There’s plenty to do in Boston, especially if you’re a history buff like me. Boston is steeped in U.S. colonial history, and the city is proud of its heritage. The Fall weather is typically quite beautiful in the city, and so walking around is a great way to spend your daylight hours. There is a red-lined path made of bricks known as “The Freedom Trail” which connects 16 historical sites in the city. It’s 2.5 miles long and visits Bunker Hill, the USS Constitution, the Old North Church, the Paul Revere House, the site of the Boston Massacre, Copp’s Hill Burying Ground, and several other locations. There are several museums along the way which are either free or have a minimal admission cost.
One of my favorite things about The Freedom Trail, is the fact it allows a person to explore the city on their own, without fear of becoming lost in any way. So long as you follow the red line, you’re sure to make it to each of the locations and back without fail.
Also it’s free, which definitely helps a person backpack Boston on a budget.
Given my own personal interest in history, I found the Paul Revere House, the Old North Church, and the USS Constitution museums to be the most exciting parts of my stay. Getting to see Old Ironsides up-close, and walk in the very hallways that the founding fathers themselves had walked is a humbling experience. At the Bunker Hill monument, you can choose to climb 294 steps to the top and see across the city, which is nice if you’re in shape and want to take some pictures. I was too tired to try.
Of course, history lessons can only go so far for some travelers, who may wish to partake in some slightly more touristy activities. You may want to check out the New England Aquarium, which has an IMAX theater inside. Tickets for the aquarium run about $27, or $32 with the IMAX experience. The Museum of Science is another option which costs about $35 if you want to do everything (there’s an IMAX, a planetarium, exhibits, butterfly gardens ect.)
When all that is said and done, you’re probably going to want something to eat and drink. Given that Boston is a city that people actually live and work in, your options for dining are pretty much unlimited. If you’re staying in a hostel, you may have use of the kitchen and dining room facilities, in which case you may just want to buy food at a grocery store and prepare it yourself. If you don’t feel like cooking, but also don’t want to shell out big bucks for cuisine, there are of course numerous fast-food options. There are even McDonalds in Chinatown, so you can pretty much eat whatever you feel like. However, Boston is home to a very large population of Americans with Irish heritage. As such, you can be sure to find numerous pubs on the back-streets which will be willing to serve you a pint and a proper dinner at the end of the day.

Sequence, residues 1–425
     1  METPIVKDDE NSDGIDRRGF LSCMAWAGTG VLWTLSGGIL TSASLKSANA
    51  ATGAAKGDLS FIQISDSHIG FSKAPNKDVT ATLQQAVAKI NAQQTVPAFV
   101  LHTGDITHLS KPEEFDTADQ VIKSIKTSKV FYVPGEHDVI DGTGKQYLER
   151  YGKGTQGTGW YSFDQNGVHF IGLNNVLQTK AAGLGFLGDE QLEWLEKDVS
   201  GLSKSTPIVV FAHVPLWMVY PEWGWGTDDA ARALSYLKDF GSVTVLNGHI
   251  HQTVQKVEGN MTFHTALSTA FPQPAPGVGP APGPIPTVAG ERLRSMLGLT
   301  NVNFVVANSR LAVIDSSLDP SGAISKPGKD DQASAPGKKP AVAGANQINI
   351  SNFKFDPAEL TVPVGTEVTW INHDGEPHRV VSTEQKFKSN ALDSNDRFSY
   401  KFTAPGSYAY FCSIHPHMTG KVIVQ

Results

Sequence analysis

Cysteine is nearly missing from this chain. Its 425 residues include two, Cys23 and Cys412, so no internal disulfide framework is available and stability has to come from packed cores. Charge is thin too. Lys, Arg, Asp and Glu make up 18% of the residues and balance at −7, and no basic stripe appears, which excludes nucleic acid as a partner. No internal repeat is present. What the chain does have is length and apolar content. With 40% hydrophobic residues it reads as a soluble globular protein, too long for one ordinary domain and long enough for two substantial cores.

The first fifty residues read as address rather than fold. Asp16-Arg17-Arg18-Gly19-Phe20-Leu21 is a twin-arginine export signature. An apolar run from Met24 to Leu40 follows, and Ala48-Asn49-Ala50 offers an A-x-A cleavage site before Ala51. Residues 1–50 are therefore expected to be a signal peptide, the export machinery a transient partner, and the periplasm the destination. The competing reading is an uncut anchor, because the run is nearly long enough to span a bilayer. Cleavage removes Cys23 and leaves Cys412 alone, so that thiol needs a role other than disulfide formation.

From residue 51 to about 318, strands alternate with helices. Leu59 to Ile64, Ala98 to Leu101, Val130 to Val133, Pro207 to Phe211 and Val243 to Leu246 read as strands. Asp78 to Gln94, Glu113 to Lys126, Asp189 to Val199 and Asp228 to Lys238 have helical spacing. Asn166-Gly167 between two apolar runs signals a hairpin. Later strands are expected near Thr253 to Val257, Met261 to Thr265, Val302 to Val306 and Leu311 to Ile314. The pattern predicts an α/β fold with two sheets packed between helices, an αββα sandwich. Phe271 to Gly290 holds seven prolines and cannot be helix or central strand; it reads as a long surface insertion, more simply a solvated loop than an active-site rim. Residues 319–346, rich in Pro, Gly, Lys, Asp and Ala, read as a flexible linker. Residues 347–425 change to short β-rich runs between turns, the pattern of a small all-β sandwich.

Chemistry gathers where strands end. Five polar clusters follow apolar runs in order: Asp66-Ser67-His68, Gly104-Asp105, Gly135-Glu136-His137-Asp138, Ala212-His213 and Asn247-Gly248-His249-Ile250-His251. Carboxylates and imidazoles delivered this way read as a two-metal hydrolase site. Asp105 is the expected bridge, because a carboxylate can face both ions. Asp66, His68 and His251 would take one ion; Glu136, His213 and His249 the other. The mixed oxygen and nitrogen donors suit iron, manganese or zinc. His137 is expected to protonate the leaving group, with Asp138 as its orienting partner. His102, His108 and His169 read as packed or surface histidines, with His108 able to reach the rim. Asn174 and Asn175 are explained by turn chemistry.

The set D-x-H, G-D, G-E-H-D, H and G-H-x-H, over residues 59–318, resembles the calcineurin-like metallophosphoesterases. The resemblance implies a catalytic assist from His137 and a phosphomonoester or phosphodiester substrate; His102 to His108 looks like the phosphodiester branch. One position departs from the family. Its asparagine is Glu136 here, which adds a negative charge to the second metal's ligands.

For example; standard bar fare can be expected to run $4-8 per dish at places like The Corner Pub (a watering hole near Chinatown that I frequented on my weekend visit).
If you find yourself spending more than $20 a day on food, you’re doing it wrong.
Boston is one of the few cities in the United States that has a decently established public transit system. There is a subway system – the MBTA – that runs throughout the city, and connects with the airports and the Amtrak stations. The subway costs $2.10 – $2.65 to ride and will take you within walking distance of most attractions in the city. It’s unlikely that you should require any transportation beyond what is provided by the underground rails.
Travel on weekdays – everything is cheaper
Bring your Student ID – There are plenty of discounts at the historical locations
Dress in layers – the weather can be cool in the mornings but warm in the afternoons, especially in the Fall
Fall Colors are at usually their peak in mid-late October
Weekend backpacking in Boston cost breakdown
Hostel, 2 nights – $90
Bus from NYC – $10 round-trip
Subway Fare within city (4 rides) – $10
Food and drinks – $40
Paul Revere House Admission – $3.50 ($3 if you bring Student ID)
Charlestown Navy Yard Admission – Free
USS Constitution (Old Ironsides) Admission – Free
USS Constitution Museum Admission – Free (Suggested donation $5)
Old North Church Admission – Free
Old South Meeting House Admission – $6 ($5 if you bring Student ID)
Bunker Hill Monument Admission – Free
Bunker Hill Museum -Admission – Free
Copps Hill and Boston Massacre sites – Free to visit
Total cost for the weekend – Under $160
Now obviously, your own spending habits, chosen dates, and distance from the city will affect your total, but you can see that it can be incredibly affordable!